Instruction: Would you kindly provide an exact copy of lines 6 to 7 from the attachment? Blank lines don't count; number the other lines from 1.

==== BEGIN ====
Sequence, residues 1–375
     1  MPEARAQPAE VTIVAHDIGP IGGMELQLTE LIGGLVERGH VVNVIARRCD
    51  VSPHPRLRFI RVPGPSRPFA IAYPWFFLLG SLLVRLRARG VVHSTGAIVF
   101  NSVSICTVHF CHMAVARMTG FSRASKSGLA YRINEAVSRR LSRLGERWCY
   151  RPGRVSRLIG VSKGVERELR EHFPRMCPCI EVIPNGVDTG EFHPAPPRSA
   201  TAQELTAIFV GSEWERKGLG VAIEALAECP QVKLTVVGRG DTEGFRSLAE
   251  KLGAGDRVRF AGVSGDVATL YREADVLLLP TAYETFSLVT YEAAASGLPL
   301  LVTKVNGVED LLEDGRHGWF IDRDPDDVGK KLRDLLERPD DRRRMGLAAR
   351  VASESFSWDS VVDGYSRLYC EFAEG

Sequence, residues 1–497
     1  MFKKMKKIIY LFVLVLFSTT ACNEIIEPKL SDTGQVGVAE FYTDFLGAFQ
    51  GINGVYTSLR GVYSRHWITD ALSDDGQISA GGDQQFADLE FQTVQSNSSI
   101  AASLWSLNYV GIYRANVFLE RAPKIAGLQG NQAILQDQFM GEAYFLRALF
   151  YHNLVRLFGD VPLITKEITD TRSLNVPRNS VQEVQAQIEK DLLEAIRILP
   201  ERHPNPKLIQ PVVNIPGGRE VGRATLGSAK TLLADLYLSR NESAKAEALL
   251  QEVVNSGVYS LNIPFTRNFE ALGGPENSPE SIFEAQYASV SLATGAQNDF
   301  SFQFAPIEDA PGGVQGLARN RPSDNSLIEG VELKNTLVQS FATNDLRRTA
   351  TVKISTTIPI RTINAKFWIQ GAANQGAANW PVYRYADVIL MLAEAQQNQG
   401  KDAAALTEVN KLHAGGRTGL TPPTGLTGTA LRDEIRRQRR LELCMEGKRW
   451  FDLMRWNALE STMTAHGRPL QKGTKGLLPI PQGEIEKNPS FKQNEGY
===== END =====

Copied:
   201  TAQELTAIFV GSEWERKGLG VAIEALAECP QVKLTVVGRG DTEGFRSLAE
   251  KLGAGDRVRF AGVSGDVATL YREADVLLLP TAYETFSLVT YEAAASGLPL